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Counties to receive larger share of hotel tax


The state Legislature passed out on final reading a bill that will increase the counties’ share of the transient accommodation tax (TAT).

The measure will now go to the governor for further consider. The governor can sign, veto or let the bill become law without his signature.

The Legislature believes that increasing the maximum amount of TAT revenues to the counties will allow them to better provide for public safety, parks, road maintenance and visitor-related services

House Bill 1671 will give the counties a combined $103 million per year for the next two years of the TAT revenues. The counties currently get a combined $93 million.

In 2010, during the economic downfall and facing a budget deficit, the state placed a cap on the counties’ share of the TAT.

Despite a perceived $844 million surplus, the Council on Revenues mid-session lowered tax revenue growth from 3.3 percent to zero percent in 2014 and from 7.4 percent to 5.5 percent in 2015, amounting to more than half a million dollars less than expected.

This session, the Legislature increased TAT revenues for two years, but found it prudent to require a study to determine the appropriate division of duties and responsibilities to provide public services before establishing a firm TAT distribution amounts.

“These funds will provide extra support and funds for all counties in our state,” said Sen. Gilbert Kahele (District 1 – Hilo), chair of the Senate Committee on Tourism.

“With more than a million visitors each year, tourism plays a key role in how we care for our infrastructure. County services, facilities and infrastructure directly affect the visitor experience,and the funds for the counties will be used to ensure that our tourism industry is maintained and remains high quality,” he said.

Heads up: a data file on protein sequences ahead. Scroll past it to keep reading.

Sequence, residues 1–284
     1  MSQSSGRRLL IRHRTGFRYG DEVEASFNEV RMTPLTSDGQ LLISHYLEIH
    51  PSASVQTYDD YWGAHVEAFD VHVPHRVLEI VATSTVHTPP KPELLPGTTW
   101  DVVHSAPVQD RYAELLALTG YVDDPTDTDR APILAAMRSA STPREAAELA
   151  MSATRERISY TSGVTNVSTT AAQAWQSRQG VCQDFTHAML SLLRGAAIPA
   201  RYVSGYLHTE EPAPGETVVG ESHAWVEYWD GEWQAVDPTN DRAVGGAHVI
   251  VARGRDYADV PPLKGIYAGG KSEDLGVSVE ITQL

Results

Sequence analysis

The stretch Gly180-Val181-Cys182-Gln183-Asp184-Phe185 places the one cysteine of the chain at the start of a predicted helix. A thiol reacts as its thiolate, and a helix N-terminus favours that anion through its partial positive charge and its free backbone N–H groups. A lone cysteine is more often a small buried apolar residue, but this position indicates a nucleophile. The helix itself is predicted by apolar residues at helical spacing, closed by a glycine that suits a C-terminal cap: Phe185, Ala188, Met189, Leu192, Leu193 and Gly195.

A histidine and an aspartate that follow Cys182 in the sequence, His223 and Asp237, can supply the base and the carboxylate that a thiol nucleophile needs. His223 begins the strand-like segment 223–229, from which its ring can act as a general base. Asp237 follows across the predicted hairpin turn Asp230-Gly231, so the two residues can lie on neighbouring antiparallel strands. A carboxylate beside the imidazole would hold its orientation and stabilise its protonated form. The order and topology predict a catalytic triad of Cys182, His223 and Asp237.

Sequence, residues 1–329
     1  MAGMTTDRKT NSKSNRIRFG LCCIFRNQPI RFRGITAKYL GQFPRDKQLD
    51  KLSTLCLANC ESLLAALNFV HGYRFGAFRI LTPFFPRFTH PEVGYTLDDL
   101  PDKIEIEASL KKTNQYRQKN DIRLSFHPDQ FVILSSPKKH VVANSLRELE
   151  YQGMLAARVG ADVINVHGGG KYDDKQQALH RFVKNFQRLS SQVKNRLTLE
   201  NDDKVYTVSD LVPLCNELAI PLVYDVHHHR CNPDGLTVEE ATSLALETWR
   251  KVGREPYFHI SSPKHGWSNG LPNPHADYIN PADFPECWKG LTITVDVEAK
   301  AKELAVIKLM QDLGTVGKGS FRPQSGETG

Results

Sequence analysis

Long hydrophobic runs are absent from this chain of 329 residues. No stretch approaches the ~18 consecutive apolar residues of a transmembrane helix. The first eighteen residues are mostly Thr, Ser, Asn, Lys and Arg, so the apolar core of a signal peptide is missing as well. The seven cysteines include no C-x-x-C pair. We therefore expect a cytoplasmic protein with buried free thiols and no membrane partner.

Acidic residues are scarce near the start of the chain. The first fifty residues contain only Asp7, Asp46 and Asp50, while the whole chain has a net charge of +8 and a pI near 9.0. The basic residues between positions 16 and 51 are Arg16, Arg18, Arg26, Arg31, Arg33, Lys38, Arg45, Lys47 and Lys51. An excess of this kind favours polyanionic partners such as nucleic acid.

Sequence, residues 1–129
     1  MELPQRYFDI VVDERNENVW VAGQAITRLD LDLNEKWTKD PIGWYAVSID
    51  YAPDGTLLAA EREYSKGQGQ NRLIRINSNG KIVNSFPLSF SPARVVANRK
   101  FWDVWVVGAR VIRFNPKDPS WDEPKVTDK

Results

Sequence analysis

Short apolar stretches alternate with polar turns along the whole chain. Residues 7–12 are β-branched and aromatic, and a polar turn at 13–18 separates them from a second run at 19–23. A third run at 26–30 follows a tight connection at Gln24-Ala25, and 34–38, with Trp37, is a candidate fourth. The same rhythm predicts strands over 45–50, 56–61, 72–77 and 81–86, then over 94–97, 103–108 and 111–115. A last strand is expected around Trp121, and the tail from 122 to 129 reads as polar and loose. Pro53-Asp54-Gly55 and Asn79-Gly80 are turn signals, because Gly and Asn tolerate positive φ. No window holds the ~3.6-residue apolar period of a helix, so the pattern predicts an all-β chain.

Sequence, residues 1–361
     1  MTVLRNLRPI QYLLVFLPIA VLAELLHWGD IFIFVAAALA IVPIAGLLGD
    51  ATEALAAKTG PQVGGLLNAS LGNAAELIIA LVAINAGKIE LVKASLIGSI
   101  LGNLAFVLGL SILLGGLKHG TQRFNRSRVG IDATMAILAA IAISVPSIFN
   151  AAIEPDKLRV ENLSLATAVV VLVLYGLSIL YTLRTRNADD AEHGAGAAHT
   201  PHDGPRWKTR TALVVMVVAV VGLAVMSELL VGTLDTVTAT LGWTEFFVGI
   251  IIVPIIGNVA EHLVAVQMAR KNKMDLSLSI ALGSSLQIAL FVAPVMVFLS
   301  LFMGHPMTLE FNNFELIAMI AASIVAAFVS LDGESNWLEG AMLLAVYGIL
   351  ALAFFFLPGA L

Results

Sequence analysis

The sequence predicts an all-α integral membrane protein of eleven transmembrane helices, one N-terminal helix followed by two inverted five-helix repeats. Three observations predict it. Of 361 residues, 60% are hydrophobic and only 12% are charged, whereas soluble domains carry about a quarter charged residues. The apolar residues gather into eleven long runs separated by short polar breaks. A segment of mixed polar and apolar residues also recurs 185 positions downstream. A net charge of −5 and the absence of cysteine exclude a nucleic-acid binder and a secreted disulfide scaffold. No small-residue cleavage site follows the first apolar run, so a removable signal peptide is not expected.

“Tourism remains one of our state’s top industries and TAT revenue helps to fund activities to keep our state’s economy strong,” said Sen. David Ige (District 16 – Pearl City, Momilani, Pearlridge, Aiea, Royal Summit, Aiea Heights, Newtown, Waimalu, Halawa, Pearl Harbor), chair of the Ways and Means Committee. “Although revenue projections were lower than expected, an increase in the cap on TAT revenues shared with the counties will allow them to improve services that support the state’s economy overall. Obviously we would have wanted to do more for the counties, but given our financial constraints, we had to balance the needs and concerns of all aspects of our communities.”

The transient accommodations tax is a tax that applies to certain rental activity in Hawaii.

The tax is levied on gross income and is imposed only on gross rental income when renting in transient accommodations. A transient accommodation applies to a hotel room or suite, apartment, condominium, house, beach house, or similar living accommodation which is rented for less than 180-consecutive days by and regularly furnished to a transient (a person has a permanent place to live elsewhere.)

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